Developers wanting to build 22 townhouses on a parking lot near the West Cook YMCA took their proposal to the public, Monday, but while many residents were happy to see a better use for the site, some were cautious about the parking shortage it would create.
John Schiess, of JCSD LLC, said the development team, which consists of himself, Rob Palley and Mike Streit, aims to build the townhouses on the property bounded by Randolph Street, Wisconsin Avenue, Washington Boulevard and Home Avenue. The property is currently owned by the YMCA and used as a parking lot capable of holding 164 vehicles, most of which are rented to area neighbors.
Schiess said the three-story townhouses would stand 40 feet tall and include 44 parking spaces, reducing the number of cars coming and going from the lot, which must be accessed through an adjacent alley.
Some neighbors voiced concern that the removal of the lot would put residents on the streets or with nowhere to park.
Paula Halfin, who works for a company that owns rental properties in the neighborhood, said renters from her building nearby rent 24 spaces on the lot.
"I feel like [Schiess] didn't care where people parked," she said, noting that with two parking spaces for each townhouse, there would not be enough room for visitors, which would put more cars on the street.
"You can't park on Randolph overnight because there's a lot of signage," she said. "He's only concerned about his development. He's not concerned about whether or not they have visitors."
Neighbor Maryanne Mohanraj acknowledged that parking would be stretched tight but added that a development would be better than a parking lot.
"It's going to make parking harder for the people in the neighborhood; that is an ongoing issue," she said. "But for me as a homeowner, it's probably going to raise the property value. My kids run through that alley, so I think it's going to make it a little bit safer having less traffic there. I think in the long term it will be good for us.
"Generally, it seems like a well-conceived project, and a parking lot is an underutilization of the space."
Schiess said he has been working with the village parking services manager and identified 53 privately-owned parking spaces that could potentially be used by those currently parking in the lot, but he declined to give details, saying he is still in discussion with the owners.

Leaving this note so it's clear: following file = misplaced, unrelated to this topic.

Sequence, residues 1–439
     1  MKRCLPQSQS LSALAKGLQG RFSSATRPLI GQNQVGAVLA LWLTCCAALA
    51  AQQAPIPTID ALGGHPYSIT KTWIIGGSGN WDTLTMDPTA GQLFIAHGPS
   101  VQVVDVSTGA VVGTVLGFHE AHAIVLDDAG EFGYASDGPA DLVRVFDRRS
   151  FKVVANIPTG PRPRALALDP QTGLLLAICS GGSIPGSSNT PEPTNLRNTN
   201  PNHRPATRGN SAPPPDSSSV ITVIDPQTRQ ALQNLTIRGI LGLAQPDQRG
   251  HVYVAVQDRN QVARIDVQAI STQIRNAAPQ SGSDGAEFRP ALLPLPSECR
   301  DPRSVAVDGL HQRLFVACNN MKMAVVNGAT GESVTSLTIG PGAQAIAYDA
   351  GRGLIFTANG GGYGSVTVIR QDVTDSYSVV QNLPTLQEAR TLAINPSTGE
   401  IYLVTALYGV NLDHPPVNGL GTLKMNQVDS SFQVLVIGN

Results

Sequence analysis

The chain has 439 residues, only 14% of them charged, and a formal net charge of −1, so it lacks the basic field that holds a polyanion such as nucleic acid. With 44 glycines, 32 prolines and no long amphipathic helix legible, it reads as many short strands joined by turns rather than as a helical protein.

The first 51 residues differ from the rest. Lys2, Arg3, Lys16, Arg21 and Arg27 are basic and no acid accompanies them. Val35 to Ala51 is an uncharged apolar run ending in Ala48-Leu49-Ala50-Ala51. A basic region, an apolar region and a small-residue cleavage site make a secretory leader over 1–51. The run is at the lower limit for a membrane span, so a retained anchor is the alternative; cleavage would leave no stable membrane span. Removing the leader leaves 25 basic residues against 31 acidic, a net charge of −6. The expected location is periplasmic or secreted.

Schiess has said that although he wants to work with the village to help solve the issue, ultimately the development is a private deal, and he is not responsible for the parking problem in the area. He told the roughly 50 residents who attended the meeting that he is seeking variances, which would require a public process, but the development team could build a 45-foot-tall, 64-unit rental building with 96 parking spots without permission from the village.
"The property will be developed to its highest and best use," he said.
Schiess wants to complete the $8 million development in late 2014 or early 2015. The townhomes, which will cost roughly $500,000, will generate a combined $250,000 in real estate taxes annually for the village, he said.
Resident Leslie Lauderdale said she is concerned that financing could fall through on the project.
"My concern with any development in the area is there has been a tremendous amount of development that started and did not complete in a timely fashion," she said.
Schiess told residents that the development is well capitalized and financing is secure.
While she likes the sketches Schiess showed at the meeting, Lauderdale said the project was architecturally underwhelming.
"We live in Oak Park, which is an area with great history and unique architecture, and we're putting a whole lot of money on a project that at its best is inoffensive," she said.
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